The NIH MINI Study: Metabolism, Infection, and Immunity in Inborn Errors of Metabolism
- Inborn errors of metabolism (IEM) can affect how the body s immune system functions. People with IEM also have special dietary restrictions that may affect the function of their immune system. Researchers want to better understand how having an IEM may affect immune system function.
- To study the how having an IEM may affect immune system functioning.
- Individuals at least 2 years of age who have an IEM.
- Healthy volunteers at least 2 years of age.
- Participants will come to the NIH Clinical Center for at least 1 evaluation. Depending on the level of participation, participants may return for additional visits. All participants (or their parents) must keep a detailed food diary for 3 days before the initial visit.
- At the study visit, participants will provide blood samples. Females of childbearing age will provide a urine sample.
- Participants will be offered the hepatitis A vaccination if not already given. If the visit occurs during flu season (roughly September through March), they will be offered a seasonal/H1N1 influenza vaccine.
- Children between 2 and 8 years of age may require booster shots depending on their history of vaccination.
- At a follow-up visit(s), participants will provide additional blood samples.
- Participants may return yearly for their flu vaccine.
|UCD MMA Acidemias Fatty Acid Oxidation Defects Mitochondrial Disease|
|Official Title:||The NIH Mini Study: Metabolism, Infection and Immunity in Inborn Errors of Metabolism|
- Specific and generalized nutritional deficiencies in cohorts of IEM patients descriptive and functional immunologic data in cohorts of IEM patients by the collection of biologic specimens as above and the utilization of humanized mouse models. [ Time Frame: 30-70 days after vaccination ]
|Study Start Date:||December 21, 2012|
|Estimated Study Completion Date:||December 1, 2017|
|Estimated Primary Completion Date:||December 1, 2017 (Final data collection date for primary outcome measure)|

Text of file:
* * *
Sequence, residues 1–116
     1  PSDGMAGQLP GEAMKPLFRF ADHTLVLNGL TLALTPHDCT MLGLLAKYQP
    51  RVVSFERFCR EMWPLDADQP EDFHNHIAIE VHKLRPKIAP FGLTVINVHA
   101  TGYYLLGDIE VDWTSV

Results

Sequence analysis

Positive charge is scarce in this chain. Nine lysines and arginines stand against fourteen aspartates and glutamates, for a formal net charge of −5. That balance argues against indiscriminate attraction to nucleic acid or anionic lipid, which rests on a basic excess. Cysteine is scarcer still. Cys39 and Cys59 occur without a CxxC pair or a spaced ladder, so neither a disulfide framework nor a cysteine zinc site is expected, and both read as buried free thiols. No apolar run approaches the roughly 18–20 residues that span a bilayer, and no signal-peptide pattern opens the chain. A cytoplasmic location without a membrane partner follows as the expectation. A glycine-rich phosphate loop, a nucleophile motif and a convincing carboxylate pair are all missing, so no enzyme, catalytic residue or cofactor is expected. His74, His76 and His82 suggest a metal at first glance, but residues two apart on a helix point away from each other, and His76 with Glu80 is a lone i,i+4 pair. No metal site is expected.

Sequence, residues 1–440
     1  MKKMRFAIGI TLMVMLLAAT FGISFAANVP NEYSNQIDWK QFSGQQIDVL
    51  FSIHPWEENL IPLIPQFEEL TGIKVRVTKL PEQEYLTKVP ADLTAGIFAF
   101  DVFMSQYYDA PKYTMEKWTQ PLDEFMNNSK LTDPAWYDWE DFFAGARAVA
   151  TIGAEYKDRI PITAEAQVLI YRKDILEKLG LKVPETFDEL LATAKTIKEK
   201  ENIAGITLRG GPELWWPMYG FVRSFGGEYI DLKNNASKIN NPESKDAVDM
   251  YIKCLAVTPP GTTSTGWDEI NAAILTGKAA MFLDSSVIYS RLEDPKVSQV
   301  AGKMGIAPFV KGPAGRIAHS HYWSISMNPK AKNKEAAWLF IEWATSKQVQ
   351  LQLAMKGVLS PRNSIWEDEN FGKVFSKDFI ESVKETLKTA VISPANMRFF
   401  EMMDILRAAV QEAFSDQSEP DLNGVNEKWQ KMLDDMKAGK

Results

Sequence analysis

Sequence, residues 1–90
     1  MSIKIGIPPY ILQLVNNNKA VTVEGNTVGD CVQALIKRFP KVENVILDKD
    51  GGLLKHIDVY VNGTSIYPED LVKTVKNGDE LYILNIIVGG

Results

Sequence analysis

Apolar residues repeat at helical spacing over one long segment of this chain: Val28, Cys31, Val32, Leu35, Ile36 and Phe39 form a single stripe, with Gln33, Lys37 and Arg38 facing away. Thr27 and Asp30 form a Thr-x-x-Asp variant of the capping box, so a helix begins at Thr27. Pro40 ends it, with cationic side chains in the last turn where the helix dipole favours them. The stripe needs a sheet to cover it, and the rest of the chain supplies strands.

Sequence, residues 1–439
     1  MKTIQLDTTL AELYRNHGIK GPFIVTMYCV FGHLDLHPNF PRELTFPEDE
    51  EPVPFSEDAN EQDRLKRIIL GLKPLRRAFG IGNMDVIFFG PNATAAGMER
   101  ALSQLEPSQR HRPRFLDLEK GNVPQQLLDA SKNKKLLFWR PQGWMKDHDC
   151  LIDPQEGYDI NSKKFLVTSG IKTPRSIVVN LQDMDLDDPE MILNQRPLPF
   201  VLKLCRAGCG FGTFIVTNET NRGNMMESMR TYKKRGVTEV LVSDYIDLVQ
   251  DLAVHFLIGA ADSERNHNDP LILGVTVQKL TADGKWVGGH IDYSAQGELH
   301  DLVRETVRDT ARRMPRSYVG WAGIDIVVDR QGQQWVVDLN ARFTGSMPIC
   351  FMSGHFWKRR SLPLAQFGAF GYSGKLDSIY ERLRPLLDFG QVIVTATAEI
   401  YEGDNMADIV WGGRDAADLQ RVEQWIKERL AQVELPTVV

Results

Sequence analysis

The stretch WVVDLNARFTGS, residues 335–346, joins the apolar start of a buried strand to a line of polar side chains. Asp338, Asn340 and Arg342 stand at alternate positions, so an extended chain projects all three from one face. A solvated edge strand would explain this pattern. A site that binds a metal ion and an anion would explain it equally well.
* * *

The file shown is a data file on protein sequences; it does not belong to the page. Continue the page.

The biochemical perturbations in children with inborn errors of metabolism (IEM) may affect their immune response. As a result, this will not only increase risk for infection but also hamper their ability to develop protective immunity after vaccination. Characterizing perturbations in immunity and the ability of vaccines to provide protective immunity in IEM is critical. Immune deficiencies and the immunogenicity of vaccines have not been well characterized in IEM.
Viral infections play a significant role in precipitating life-threatening acute decompensations in various IEM. Seasonal variation of respiratory and gastrointestinal viruses places this vulnerable population at significant risk. The standard of care for these patients is routine childhood vaccination as well as vaccination for seasonal influenza viruses. However, nutritional deficiencies and their underlying IEM enzymopathies may affect the efficacy of vaccination.
In this protocol, we will clinically evaluate the immunologic states of patients with IEM. Routine inpatient and outpatient admissions will last 2-3 days and may involve blood drawing, radiological procedures, nutrition assessment and biometrics. Immune challenge may be performed using vaccinations for seasonal influenza and pneumococcus (PPV23). Follow-up appointments will be scheduled at the end of the study period.
The study objectives will be to describe the immune deficiencies seen, in this patient population, describe vaccine seroconversion in this patient population, and search for new genes in rare families that have evidence for an unknown class of IEM. The population will consist of patients previously evaluated at NIH, physician referrals, and families directed to the study from clinicaltrials.gov as well as the patient advocacy groups. All patients will be evaluated at the NIH Clinical Center.
Please refer to this study by its ClinicalTrials.gov identifier: NCT01780168
|Contact: Peter J McGuire, M.D.||(301) email@example.com|
|United States, Maryland|
|National Institutes of Health Clinical Center, 9000 Rockville Pike||Recruiting|
|Bethesda, Maryland, United States, 20892|
|Contact: For more information at the NIH Clinical Center contact Patient Recruitment and Public Liaison Office (PRPL) 800-411-1222 ext TTY8664111010 firstname.lastname@example.org|
|Principal Investigator:||Peter J McGuire, M.D.||National Human Genome Research Institute (NHGRI)|